Monday, May 21, 2012

Monday Graphic Novel Review: Lou! Secret Diary

I know that Mondays are supposed to be for picture books, but I like to throw a graphic novel into the mix every so often. Since graphic novels are a picture centric form of storytelling, I think Mondays are a good day for them.

Today's title is the first in a series of books that Lerner Publishing (USA) is putting out. The first volume in the Lou collection came out in France in 2004, and since then the books have been translated into fourteen languages. The main character is a tween who struggles with many of the kinds of problems that most tween girls face. She is sympathetic, and she is also wonderfully funny. 

Julien Neel
Translated by Carol Klio Burrell
Graphic Novel
For ages 9 to 12
Lerner, 2012, 978-0-7613-8868-5
Lou is not your typical twelve-year-old. She and her mother Emma have a very close bond, and they often behave as if they are good friends instead of a mother and daughter. Unlike many children who are being raised by their single mother, Lou has no real interest in finding out who her father is. He has never been a part of her life, and she sees no reason to change this state of affairs.
   Lou does not want to be like everyone else, which is unusual for a school girl of her age. She designs her own clothes, and she doesn’t care if the other girls snigger at her behind her back. Let them. Lou is perfectly happy having one close friend, Mina, and she doesn’t feel the need to fit in and be popular.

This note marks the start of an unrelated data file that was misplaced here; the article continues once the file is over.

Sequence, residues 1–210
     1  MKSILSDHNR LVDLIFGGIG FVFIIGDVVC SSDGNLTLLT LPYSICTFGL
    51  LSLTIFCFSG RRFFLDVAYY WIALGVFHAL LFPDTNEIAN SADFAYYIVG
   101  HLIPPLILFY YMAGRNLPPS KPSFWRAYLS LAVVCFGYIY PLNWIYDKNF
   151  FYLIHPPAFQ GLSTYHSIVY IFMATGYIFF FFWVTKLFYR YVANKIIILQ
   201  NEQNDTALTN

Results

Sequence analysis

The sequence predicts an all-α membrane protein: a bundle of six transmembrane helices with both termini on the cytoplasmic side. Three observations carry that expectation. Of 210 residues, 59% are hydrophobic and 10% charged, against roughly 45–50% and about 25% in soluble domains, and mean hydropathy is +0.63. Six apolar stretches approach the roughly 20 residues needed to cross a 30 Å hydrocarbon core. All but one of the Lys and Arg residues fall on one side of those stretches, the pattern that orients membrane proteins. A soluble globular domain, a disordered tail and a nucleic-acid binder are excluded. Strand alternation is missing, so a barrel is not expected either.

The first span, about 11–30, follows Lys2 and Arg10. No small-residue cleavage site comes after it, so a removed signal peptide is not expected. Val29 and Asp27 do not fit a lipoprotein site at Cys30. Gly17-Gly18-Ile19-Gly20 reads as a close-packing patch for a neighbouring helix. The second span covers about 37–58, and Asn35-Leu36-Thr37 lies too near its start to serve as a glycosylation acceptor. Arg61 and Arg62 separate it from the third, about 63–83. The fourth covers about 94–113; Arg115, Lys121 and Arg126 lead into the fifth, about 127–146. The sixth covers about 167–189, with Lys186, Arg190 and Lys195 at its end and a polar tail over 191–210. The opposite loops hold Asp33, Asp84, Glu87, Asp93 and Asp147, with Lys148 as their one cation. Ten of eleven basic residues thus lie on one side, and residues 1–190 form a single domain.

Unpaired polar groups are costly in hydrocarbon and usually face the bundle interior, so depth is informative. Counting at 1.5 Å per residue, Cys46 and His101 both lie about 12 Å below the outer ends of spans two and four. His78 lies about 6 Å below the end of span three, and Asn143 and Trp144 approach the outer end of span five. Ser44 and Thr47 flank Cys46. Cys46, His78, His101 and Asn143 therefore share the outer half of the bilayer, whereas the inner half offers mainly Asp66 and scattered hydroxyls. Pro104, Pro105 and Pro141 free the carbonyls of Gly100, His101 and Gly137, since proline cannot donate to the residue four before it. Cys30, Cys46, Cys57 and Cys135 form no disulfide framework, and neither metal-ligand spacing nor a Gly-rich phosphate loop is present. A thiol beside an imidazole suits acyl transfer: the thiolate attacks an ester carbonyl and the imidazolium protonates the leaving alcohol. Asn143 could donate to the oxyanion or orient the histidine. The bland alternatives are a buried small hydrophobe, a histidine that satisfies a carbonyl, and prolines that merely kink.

One thing Lou does long for is for her neighbor Tristan to notice her. Lou has had a crush on Tristan for years, but she has never been able to muster up the courage to tell him how she feels. Both Mina and Emma have encouraged Lou to speak her mind, but Lou does not feel able to do so.
   Lou isn’t the only one who cannot speak her mind when it comes to boys. Emma is the same way. A very cute man called Richard moves in next door, and Emma really likes him, but she can’t seem to get the words out. On Valentine’s Day, Lou, Tristan, Richard, and Emma arrange to go out for dinner, but then Tristan and Emma start playing a video game and the evening turns into a disaster. To say that Lou is angry with her mother is an understatement.
   Graphic novel fans are going to enjoy the funny, incredibly honest, and poignant stories in this book. For years the Lou comics have delighted readers in Europe, and now they are have been compiled into a series of books for American readers. Many of the situations that Lou finds herself in will resonate with young readers who are experiencing growing pains of their own.



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